A Balanced Diet

November 26, 2014 by Joo-Lee


“I feel that my aim is to become a good swing dancer and to get there I think the only way is to have your technique fine-tuned”

Jonny Howe has been dancing for around 15-years, attends swing dance classes and workshops regularly and has been taking fantastic photos of Lindy Jazz events and its dancers for as long as we can remember! In June Jonny talked to Joo-Lee about his photography, dancing and… a balanced diet, read on to find out more.


Jonny has always had an interest in photography, saying he frequently takes pictures at family events and is often asked to help out at family weddings. He tries to take his camera with him wherever he goes, just in case “the shot” appears. Being a dancer helps his photography as it allows him to follow the music and movement of the dancers with ease.

According to Jonny capturing the essence of a dance on camera comes down to patience, knowing the music and taking plenty of shots! “I think by watching the dancers you get used to the movement of them, of how they come together and then go out again and so you know that sometimes they’ll move around and it’s really just waiting for them to”.


Jonny started dancing Modern Jive, with a hint of Salsa and West Coast Swing along the way, and travelled to out of town venues to learn. When Lindy Jazz started swing dance lessons in Durham he saw this as a good opportunity to dance locally.

Initially he found changing dance and music styles a bit “frustrating” and “tricky” because of the difference in technique, music and resulting musicality, “when you move into a new dance, you don’t know quite how to move your body and how to move your partner, you can’t quite fully express yourself and you feel you’re not totally dancing to the music”.

Despite this Jonny now feels he can transfer the skills he’s learnt, particularly in lead & follow where he says “you realise that you can lead your partner with a lot less energy and a lot less force, it’s more straightforward”. He also says swing dancing “seems to be a more relaxed style of dancing”, where you give your partner more freedom.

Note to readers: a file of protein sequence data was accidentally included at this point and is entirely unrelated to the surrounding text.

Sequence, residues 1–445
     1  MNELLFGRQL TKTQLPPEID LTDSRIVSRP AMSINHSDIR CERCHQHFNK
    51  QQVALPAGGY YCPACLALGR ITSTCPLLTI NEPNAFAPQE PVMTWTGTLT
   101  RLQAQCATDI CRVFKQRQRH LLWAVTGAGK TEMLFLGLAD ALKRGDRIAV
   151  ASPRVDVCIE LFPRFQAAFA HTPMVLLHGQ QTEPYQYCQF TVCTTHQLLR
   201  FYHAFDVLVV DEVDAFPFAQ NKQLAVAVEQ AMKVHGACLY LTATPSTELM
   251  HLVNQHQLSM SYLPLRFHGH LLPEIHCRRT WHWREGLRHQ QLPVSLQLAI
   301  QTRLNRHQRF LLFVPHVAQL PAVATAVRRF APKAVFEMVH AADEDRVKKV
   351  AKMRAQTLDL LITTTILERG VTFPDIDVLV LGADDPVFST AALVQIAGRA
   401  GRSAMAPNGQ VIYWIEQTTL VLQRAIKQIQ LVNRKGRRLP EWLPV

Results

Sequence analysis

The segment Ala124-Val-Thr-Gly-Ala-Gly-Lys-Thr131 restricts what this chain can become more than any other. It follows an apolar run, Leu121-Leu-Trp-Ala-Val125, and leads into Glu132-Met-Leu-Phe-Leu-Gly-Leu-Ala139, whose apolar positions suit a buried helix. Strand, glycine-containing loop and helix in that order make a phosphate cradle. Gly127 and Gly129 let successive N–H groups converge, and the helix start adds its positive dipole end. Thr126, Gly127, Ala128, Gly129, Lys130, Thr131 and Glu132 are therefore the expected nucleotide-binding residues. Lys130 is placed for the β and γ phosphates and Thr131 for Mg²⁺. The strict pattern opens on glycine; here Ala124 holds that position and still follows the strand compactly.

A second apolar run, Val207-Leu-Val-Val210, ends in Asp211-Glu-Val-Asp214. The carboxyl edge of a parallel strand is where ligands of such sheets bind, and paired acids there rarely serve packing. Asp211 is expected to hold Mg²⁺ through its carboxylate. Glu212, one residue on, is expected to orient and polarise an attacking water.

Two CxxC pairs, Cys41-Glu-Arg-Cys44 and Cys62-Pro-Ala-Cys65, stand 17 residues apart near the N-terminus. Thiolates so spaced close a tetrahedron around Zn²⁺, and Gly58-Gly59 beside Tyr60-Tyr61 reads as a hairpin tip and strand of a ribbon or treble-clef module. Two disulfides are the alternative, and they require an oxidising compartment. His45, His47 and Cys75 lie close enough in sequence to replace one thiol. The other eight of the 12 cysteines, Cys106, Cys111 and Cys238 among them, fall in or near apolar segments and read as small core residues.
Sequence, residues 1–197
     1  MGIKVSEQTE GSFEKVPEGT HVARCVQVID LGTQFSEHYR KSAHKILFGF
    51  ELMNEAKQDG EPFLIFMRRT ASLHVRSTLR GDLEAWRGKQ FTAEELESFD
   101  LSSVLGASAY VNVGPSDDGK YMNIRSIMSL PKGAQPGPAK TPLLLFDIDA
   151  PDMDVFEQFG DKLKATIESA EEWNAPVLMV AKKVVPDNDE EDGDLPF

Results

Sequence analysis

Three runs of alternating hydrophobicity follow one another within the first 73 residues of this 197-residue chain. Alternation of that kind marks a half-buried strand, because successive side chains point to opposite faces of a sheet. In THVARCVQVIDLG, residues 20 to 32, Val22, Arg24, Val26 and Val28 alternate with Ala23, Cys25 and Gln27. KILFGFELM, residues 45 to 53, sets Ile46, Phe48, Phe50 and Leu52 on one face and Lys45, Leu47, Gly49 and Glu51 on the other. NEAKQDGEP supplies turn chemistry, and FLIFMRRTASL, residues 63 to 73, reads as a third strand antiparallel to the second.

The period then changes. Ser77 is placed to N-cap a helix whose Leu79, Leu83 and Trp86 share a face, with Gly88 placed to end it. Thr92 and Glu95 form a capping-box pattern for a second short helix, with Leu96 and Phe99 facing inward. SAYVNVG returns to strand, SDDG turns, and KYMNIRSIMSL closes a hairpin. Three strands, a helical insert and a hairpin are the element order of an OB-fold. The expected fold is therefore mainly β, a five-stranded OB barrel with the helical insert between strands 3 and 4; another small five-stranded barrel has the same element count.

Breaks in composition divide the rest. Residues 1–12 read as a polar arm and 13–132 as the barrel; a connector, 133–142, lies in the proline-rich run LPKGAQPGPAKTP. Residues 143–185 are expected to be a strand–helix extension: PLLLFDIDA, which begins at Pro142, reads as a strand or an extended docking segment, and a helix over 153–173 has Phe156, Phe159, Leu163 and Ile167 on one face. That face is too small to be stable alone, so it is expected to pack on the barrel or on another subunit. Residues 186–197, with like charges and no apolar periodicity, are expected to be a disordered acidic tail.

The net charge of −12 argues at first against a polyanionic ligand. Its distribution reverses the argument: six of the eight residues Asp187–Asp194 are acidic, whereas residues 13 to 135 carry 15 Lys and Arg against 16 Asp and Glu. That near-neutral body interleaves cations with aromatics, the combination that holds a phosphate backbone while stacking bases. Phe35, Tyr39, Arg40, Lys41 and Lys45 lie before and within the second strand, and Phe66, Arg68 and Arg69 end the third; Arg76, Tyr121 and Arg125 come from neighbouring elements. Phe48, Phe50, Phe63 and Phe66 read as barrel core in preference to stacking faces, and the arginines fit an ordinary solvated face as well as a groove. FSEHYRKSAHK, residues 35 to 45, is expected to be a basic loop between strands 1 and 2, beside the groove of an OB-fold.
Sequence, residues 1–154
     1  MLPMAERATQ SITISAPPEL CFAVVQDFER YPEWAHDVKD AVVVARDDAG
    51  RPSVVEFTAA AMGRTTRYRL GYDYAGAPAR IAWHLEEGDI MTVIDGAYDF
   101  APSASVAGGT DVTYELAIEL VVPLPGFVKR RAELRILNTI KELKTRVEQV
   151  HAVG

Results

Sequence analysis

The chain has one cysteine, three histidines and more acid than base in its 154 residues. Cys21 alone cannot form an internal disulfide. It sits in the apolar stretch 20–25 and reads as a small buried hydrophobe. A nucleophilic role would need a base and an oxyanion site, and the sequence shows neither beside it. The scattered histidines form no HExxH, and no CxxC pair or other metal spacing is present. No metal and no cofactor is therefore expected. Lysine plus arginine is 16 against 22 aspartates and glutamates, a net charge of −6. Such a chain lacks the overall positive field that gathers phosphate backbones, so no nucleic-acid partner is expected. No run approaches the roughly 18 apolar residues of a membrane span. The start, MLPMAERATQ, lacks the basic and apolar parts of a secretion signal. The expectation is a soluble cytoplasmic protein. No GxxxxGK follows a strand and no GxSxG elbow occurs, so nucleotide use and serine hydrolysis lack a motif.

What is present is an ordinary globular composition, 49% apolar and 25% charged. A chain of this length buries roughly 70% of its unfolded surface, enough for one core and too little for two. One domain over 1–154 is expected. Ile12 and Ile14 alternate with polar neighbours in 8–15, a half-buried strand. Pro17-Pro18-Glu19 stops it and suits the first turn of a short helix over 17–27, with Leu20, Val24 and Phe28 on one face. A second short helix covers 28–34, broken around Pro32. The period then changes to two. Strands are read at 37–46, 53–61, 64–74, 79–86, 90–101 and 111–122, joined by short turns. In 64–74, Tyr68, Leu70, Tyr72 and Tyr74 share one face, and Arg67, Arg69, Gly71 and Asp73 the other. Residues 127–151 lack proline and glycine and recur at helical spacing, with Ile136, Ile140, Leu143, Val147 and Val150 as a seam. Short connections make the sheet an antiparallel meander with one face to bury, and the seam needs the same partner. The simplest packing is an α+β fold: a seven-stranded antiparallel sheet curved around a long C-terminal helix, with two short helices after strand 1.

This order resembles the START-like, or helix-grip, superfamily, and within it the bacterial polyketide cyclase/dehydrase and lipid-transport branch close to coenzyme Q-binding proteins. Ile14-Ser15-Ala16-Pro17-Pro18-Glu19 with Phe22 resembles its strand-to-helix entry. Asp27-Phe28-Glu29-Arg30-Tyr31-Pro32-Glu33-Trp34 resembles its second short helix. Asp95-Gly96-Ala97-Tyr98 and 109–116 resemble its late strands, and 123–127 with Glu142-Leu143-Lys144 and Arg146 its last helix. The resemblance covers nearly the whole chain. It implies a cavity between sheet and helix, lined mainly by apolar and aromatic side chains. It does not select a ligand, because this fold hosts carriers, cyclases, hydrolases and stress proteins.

Jonny has spent many a Saturday and Sunday at dance weekenders, including DJam, dancing with people from different areas of the country and even world. He says this has inspired him to try new things and not to be scared, “you see that you can be more extrovert and just let the music take you in a different direction”.

Private Lessons

Although he attends lessons and weekenders regularly, Jonny began to get frustrated with his progress and so embraced the help of the Dance Doctor. He says this has been a great way to perfect, amongst other things, his swing out technique and connection, “you get a better feeling for the dance with your partner. You can feel the transfer of energy between yourself and your partner as you’re dancing”.

How does Jonny feel about receiving feedback from the Dance Doctor? He says it’s is all part of the learning process. It’s given him the confidence to dance with other advanced dancers, helped him to feel more comfortable ‘free styling’ throughout a full song and not be conscious of dancing incorrectly, as he can adjust his technique.

A Balanced Diet

Jonny feels that private lessons are great as a starting point and alongside regular classes. He says private lessons have given him “insight into the technique and the correct feel of the dance” and the class environment provides time to learn variations, practice, glean inspiration, and generally relax and enjoy being around other dancers.

Jonny says there’s “not a magic formula and it does take time to sink in before your body starts remembering how to move”. His winning formula seems to be a combination of regular classes, private lessons and weekenders, or a balanced diet!

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